FOR THE last nine years, the Israelis have argued that the peace process could not move forward because the Palestinian leadership was weak, governance was dysfunctional, and the capacity and willingness to deliver security were absent. Moreover, there was no clear honest broker willing to trade in peace. Now, all that may be about to change.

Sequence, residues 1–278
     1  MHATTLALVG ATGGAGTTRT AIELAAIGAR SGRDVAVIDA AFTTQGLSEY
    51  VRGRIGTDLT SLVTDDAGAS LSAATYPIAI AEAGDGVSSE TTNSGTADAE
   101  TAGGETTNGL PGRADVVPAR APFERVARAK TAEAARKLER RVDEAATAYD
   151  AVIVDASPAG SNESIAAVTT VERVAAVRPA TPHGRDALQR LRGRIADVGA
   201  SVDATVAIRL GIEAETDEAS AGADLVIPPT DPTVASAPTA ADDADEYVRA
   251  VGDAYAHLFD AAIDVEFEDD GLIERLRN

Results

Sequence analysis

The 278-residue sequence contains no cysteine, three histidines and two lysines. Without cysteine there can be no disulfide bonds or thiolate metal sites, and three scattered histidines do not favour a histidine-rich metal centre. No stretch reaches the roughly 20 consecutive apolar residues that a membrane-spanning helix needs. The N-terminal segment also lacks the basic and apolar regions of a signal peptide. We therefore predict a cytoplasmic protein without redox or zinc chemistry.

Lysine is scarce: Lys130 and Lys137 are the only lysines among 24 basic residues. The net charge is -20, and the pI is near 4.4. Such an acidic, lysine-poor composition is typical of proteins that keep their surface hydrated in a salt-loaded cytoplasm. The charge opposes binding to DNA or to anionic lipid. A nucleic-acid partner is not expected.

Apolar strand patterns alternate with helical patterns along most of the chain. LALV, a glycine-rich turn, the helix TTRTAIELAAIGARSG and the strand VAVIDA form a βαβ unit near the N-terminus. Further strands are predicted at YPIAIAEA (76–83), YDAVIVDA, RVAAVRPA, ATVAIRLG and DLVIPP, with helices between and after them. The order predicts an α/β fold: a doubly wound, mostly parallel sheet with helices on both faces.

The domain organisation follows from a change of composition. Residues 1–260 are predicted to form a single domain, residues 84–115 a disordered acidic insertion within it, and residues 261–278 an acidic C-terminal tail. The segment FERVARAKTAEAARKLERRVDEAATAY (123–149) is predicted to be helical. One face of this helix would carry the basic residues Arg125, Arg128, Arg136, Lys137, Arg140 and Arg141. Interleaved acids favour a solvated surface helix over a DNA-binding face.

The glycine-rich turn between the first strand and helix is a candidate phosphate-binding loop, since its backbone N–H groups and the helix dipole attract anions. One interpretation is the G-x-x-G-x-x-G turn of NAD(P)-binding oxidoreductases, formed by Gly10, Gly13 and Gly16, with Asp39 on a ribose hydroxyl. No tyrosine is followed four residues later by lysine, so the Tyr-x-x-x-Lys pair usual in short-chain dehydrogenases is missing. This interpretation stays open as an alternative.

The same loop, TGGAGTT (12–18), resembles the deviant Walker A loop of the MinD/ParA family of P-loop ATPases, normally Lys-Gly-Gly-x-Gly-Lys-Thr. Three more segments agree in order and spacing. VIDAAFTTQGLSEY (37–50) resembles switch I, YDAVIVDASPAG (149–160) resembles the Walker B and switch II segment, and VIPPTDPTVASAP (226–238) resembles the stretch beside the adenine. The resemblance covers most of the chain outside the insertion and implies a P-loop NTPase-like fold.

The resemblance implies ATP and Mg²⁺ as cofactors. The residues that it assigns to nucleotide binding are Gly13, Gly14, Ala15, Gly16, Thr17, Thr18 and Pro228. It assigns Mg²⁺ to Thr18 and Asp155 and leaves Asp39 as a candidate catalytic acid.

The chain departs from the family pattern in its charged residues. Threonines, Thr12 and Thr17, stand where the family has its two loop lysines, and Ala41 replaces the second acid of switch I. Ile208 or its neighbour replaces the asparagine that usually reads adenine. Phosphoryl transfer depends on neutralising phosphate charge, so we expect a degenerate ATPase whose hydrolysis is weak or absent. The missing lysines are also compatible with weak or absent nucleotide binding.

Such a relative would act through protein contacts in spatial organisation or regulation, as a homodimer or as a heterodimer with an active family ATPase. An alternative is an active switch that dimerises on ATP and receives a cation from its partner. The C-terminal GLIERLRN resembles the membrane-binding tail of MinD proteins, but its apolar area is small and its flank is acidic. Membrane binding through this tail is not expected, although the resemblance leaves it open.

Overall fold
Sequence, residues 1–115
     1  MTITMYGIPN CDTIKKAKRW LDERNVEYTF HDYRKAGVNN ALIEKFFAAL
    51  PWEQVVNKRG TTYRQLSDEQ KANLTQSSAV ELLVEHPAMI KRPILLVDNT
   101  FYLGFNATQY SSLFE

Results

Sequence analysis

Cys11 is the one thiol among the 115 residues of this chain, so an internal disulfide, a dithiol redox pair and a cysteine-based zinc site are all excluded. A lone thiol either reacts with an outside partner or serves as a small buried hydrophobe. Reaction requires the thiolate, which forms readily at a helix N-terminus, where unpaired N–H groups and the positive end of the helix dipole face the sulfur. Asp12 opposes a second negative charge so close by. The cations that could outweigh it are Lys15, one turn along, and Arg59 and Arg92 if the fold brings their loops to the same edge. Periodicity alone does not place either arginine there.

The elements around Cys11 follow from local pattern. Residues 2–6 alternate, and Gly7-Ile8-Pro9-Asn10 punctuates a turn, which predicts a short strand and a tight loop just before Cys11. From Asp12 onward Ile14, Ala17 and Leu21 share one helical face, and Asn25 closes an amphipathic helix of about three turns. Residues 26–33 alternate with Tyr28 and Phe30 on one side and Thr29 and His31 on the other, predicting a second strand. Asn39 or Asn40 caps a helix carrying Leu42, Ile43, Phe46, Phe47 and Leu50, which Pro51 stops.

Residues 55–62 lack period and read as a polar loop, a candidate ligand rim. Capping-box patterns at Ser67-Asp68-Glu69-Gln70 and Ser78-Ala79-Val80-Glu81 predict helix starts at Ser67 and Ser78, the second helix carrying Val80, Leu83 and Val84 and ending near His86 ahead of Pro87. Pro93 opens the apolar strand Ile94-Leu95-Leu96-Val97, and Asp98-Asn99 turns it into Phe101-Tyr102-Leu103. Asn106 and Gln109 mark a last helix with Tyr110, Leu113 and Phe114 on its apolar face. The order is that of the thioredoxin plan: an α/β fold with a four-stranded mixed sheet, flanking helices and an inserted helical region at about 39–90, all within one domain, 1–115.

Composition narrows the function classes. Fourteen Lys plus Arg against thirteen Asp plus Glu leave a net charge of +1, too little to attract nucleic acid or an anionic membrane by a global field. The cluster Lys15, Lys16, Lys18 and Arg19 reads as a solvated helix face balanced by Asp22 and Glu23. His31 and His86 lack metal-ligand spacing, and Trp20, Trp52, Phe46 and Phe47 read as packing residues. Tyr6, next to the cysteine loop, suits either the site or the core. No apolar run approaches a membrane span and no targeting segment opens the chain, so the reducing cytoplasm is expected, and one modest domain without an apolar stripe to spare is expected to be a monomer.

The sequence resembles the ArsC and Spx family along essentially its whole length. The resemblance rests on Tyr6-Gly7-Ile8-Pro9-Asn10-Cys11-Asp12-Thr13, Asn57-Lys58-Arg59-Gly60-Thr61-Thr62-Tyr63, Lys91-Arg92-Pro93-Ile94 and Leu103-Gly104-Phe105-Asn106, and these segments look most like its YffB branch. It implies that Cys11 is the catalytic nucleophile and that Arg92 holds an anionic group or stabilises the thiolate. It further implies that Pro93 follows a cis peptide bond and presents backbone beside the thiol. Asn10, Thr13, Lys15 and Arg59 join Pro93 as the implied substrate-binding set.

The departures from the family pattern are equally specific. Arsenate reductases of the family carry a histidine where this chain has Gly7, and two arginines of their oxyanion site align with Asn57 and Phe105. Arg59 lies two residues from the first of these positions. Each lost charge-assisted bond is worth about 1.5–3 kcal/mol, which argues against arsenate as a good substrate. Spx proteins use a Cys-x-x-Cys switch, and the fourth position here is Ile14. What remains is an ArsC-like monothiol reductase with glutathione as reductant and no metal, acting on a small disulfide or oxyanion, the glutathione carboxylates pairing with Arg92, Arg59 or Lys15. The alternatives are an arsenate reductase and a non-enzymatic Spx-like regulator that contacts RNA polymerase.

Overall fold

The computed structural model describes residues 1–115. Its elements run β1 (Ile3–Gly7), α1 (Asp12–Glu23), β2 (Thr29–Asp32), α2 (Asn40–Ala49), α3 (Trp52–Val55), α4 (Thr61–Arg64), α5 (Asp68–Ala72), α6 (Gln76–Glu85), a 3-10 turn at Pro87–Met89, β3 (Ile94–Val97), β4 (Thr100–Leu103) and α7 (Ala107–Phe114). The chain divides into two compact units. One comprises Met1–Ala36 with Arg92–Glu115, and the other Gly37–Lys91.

The Palestinian nationalist old guard has been democratically ousted from power; the day of the young guard has finally arrived. Fatah, the largest nationalist group, held its sixth party congress in August-the first such meeting in twenty years-and elected a new leadership. The new leadership is much stronger than the old one, made up of more powerful and more popular figures. They are younger. They are educated. They were born and raised in the Palestinian territories. They are determined to push for a more moderate Hamas and to work toward peace with Israel. Security and governance in the West Bank have never been better. The current Palestinian leadership enjoys full control over the security services, something that has not happened since the 1993 Oslo accords. This is no longer the fragmented, dysfunctional Palestinian Authority of old.